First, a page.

DO ANDROIDS DREAM OF ELECTRIC SHEEP? by PHILIP K. DICK (1968, Gollancz/Orion Books Ltd., Paperback, 214pp) ∗∗∗∗∗
Blurb: Through the mean streets of a grim 21st century megalopolis, bounty hunter Rick Deckard stalked, searching out the renegade andys who were his prey. But this assignment involved Nexus-6 targets and as a result Deckard quickly found himself involved in a nightmare kaleidoscope of violence and subterfuge – and the threat of death for the hunter rather than the hunted…
I saw BLADE RUNNER on its first release, when it sank without a trace and I was one of those who was enthralled by the nightmare world it presented and championed the movie. The film has been re-edited and re-appraised since and is now regarded as an SF masterpiece. The book it is based on is a 1968 pulp novel by Philip K. Dick curiously entitled Do Androids Dream of Electric Sheep?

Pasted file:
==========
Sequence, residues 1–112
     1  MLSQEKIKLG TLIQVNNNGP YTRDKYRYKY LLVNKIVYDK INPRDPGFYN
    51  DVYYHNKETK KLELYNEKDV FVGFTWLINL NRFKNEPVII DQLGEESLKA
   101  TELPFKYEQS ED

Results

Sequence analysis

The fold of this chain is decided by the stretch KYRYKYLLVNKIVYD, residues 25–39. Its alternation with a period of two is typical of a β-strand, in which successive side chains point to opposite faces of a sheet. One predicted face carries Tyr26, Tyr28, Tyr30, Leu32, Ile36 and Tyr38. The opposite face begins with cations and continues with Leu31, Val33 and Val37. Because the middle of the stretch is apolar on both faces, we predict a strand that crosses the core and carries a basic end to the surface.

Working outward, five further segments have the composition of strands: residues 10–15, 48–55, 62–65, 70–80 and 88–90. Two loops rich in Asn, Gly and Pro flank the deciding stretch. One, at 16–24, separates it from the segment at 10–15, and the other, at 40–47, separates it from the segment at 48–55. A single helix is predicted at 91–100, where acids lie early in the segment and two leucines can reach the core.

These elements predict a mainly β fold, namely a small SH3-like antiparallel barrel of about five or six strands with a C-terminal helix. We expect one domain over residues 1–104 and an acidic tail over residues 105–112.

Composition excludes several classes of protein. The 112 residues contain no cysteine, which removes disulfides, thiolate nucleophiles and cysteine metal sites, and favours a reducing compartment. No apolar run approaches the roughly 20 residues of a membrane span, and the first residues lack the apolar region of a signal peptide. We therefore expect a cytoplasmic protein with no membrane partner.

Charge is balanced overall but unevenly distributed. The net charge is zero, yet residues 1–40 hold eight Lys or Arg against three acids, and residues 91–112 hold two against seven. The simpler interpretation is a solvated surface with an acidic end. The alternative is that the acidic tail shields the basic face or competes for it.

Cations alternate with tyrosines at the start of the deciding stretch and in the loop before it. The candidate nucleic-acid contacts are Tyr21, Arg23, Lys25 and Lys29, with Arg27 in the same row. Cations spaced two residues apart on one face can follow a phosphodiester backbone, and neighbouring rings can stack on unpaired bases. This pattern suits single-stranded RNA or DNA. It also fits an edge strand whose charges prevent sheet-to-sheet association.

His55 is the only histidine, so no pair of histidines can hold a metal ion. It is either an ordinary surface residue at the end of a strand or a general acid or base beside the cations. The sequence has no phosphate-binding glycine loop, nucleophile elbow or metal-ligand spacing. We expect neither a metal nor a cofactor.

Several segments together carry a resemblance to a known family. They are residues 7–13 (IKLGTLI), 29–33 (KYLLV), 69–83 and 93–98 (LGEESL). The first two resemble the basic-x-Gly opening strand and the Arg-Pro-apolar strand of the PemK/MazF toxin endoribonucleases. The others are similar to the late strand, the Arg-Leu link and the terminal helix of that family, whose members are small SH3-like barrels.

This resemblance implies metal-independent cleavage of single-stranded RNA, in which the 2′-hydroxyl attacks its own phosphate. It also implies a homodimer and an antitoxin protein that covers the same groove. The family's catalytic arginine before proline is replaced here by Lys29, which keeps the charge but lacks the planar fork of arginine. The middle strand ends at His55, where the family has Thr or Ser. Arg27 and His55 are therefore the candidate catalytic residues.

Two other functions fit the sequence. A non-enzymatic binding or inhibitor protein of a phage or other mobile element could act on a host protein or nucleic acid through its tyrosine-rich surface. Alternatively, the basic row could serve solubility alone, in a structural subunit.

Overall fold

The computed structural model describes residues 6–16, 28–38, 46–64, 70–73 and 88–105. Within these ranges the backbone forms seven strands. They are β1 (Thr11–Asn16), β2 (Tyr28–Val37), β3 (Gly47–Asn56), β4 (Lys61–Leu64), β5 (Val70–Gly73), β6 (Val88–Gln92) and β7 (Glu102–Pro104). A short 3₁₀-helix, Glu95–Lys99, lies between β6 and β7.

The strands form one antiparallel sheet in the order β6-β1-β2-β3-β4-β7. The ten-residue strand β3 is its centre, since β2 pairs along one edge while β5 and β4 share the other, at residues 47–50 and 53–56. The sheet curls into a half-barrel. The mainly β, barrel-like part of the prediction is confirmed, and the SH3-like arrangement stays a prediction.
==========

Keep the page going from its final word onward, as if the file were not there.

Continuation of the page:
Many of the elements of the book found their way into Ridley Scott’s film, but just as many were jettisoned. Dick’s novel is a mix of themes of spirituality and technophobia. Scott’s movie focused on the latter, ignoring the references to Mercerism (a kind og mystic religion) and keeping animals as pets to replace the fact no-one can have children. As a result the mix adopted in Dick’s novel gives the book a different feel to the movie. Here Deckard is in an unhappy marriage where mood machines are used to control people’s emotions. Deckard is a loner and a bounty hunter who starts to question his actions, as he seeks and “retires” six escaped Nexus-6 androids. He even has a dalliance with a female android, Rachael Rosen, whose creator is responsible for the Nexus-6 programme.
The emphasis of the book is on the contradictions of a post-nuclear life and the compromises made. It taps into an age of paranoia and is a thoughtful book that is thankfully not steeped in the cod-literacy that often dogs the genre. It is a quick read and recommended to anyone who wishes to explore Dick’s vision further.